Warning that as many as 600 million children – one in four worldwide – will be living in areas with extremely scare water by 2040, the United Nations children's agency has called on governments to take immediate measures to curb the impact on the lives of children.
In the midst of responding to the worst humanitarian crisis since records began, the UN is now faced with potential funding cuts from its biggest donor, the United States.
The problem is rather complex and often not recognised: in one of the major regions of both origin and destination for migrants and refugees -- the Near East and North of Africa, 10 per cent of rural communities is made up of forcibly displaced persons, while more than 25 per cent of the young rural people plan to emigrate.
The suffering of children in war-torn Syria "hit rock bottom" in 2016 with the highest number of grave violations against them since verification began in 2014, underscored the United Nations children's agency.
New evidence is deepening scientific fears, advanced few years ago, that the Middle East and North Africa risk becoming uninhabitable in a few decades, as accessible fresh water has fallen by two-thirds over the past 40 years.
The Super El Nino of 2015 to 2016 wrought droughts and floods around the world, yet it is its sister La Nina that is now fuelling drought and hunger in East Africa.
Last month, the United Nations declared another famine threat in Somalia due to yet another drought in the Horn of Africa. Important lessons must be drawn from the Somalia famine of 2010-2012, which probably killed about 258,000 people
, half of whom were under-five. This was the greatest tragedy in terms of famine deaths in the 21st century, and in recent decades since the Ethiopian famine of the late 1980s.
Global food supply conditions are robust, but access to food has been dramatically reduced in areas suffering from civil conflicts, while drought conditions are worsening food security across swathes of East Africa, according to the United Nations.
Caribbean leaders worry that with climate change sceptic Donald Trump in the White House, it will be more difficult for small island developing states facing the brunt of climate change to secure the financing necessary to adapt to and mitigate against it.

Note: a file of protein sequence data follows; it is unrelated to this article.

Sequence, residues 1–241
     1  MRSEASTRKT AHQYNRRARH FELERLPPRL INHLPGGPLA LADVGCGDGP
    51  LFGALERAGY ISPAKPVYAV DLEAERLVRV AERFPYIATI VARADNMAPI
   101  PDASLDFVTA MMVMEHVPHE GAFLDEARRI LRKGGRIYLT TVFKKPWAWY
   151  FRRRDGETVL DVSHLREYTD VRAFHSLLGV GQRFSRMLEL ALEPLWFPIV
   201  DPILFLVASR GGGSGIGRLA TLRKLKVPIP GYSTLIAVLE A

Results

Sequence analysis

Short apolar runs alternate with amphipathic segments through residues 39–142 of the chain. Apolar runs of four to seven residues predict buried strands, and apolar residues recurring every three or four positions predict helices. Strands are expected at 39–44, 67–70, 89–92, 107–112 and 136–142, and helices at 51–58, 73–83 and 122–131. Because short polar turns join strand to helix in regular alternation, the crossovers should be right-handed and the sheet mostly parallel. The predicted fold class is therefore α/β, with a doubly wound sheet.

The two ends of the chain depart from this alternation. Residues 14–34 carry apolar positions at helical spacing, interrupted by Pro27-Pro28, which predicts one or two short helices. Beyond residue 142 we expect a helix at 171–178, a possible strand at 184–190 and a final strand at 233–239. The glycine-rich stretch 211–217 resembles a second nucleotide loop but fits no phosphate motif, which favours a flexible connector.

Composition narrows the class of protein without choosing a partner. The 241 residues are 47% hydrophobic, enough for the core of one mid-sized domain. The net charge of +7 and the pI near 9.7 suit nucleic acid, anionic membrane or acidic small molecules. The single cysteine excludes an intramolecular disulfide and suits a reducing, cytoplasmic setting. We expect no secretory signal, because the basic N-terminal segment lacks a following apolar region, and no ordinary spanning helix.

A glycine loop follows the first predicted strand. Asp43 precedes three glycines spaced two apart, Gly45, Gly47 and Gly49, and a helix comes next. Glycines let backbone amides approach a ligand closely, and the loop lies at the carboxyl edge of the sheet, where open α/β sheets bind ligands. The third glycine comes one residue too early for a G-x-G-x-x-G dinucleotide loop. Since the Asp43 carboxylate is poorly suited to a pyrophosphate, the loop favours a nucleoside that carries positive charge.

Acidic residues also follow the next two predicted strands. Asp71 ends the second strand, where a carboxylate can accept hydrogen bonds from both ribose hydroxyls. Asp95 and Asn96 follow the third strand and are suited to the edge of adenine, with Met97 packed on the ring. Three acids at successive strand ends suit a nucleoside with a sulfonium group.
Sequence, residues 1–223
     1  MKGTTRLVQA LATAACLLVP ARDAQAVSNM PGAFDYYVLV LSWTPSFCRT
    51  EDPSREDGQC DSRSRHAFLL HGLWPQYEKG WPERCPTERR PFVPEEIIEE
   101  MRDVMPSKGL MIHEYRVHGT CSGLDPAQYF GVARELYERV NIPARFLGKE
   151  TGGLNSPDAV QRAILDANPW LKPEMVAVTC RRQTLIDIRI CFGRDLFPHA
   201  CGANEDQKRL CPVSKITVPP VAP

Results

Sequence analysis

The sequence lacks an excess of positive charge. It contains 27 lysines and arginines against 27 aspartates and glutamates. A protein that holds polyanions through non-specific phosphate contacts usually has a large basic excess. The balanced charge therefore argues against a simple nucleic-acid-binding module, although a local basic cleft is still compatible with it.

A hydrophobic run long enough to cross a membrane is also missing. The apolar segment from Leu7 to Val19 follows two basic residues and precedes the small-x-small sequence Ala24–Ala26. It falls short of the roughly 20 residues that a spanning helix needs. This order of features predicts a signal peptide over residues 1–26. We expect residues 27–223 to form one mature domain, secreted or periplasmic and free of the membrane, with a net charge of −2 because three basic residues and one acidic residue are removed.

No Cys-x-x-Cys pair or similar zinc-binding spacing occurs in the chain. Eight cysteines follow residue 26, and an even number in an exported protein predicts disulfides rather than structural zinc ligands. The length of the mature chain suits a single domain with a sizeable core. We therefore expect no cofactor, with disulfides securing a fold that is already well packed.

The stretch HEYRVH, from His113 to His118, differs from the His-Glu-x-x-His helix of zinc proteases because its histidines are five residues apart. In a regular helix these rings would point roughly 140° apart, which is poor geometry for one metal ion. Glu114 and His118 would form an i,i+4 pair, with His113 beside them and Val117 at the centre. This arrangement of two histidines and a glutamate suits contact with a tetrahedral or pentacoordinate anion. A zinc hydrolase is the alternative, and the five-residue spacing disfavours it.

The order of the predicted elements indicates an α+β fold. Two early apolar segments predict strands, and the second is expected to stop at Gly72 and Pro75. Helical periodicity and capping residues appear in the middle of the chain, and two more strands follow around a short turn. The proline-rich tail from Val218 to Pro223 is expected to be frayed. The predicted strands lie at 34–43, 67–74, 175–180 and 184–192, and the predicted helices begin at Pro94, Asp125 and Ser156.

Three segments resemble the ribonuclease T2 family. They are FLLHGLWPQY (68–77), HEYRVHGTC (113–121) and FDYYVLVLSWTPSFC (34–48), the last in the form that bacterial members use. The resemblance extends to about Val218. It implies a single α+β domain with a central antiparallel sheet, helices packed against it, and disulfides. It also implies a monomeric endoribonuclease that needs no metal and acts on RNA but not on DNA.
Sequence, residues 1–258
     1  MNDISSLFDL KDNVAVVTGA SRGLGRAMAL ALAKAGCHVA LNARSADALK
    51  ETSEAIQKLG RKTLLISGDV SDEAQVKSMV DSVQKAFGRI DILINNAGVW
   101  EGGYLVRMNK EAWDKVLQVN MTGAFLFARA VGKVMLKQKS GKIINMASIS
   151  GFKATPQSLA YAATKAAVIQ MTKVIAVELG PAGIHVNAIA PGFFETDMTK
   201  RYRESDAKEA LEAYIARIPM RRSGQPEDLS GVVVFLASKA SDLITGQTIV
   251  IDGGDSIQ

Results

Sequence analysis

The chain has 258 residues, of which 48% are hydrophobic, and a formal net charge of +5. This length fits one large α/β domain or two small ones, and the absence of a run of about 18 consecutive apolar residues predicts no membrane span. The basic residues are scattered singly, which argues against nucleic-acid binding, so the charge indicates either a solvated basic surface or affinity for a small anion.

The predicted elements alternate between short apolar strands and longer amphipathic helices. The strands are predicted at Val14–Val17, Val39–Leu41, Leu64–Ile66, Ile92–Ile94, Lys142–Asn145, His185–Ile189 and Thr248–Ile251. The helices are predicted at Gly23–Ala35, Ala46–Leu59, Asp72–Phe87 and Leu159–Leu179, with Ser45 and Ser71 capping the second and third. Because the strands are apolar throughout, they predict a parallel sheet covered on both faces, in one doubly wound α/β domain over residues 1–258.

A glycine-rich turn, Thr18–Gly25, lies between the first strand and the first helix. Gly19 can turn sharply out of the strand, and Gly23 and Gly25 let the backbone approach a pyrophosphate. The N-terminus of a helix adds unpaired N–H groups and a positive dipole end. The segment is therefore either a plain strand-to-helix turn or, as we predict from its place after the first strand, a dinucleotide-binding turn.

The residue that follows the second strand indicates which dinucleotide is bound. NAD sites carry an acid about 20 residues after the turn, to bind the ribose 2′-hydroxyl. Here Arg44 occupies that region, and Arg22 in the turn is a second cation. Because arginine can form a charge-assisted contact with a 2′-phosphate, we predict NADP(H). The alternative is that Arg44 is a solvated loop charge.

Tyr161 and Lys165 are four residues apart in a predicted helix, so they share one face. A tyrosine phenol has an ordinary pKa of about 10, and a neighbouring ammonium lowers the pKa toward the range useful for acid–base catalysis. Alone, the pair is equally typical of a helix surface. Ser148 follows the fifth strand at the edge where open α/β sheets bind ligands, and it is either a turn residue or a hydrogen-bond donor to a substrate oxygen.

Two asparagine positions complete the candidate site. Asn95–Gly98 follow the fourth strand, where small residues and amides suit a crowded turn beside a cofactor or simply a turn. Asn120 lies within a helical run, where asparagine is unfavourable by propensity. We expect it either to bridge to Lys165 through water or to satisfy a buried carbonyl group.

Dairai Churu, 53, sits with his chin cupped in his palms next to mounds of rubble from his destroyed makeshift home in the Caledonia informal settlement approximately 30 kilometers east of Harare, thanks to the floods that have inundated Zimbabwe since the end of last year.
When Tropical Storm Erika hit the tiny Caribbean island of Dominica on Aug. 27, 2015, it killed more than two dozen people, left nearly 600 homeless and wreaked damages totaling more than a billion dollars.
A Malaysian aid convoy has arrived in Myanmar with supplies for ethnic Rakhine civilians and Rohingya Muslims.The Malaysian government sent hundreds of tons of food and other necessities including clothing and hygiene kits to Myanmar’s Yangon region which were then delivered to Rakhine State’s capital of Sittwe. Military ships also offloaded supplies in neighboring Bangladesh which has seen an influx of Rohingya refugees since violence was reignited in 2016.
With an estimated 1 billion migrants today --or one in every seven people-- their health needs are huge. Nevertheless, health systems are struggling to adapt and consequently access to health services among migrant populations varies widely and is often inadequate.
Years of violence and unrest in North-East Nigeria have left millions of people at risk of starving to death. Both the violent up surging of Boko Haram and the government’s harsh military crackdown have left already historically marginalised communities with next to nothing.
Mankind’s future ability to feed itself is in jeopardy due to intensifying pressures on natural resources, mounting inequality, and the fallout from a changing climate, warns a new United Nations’ report.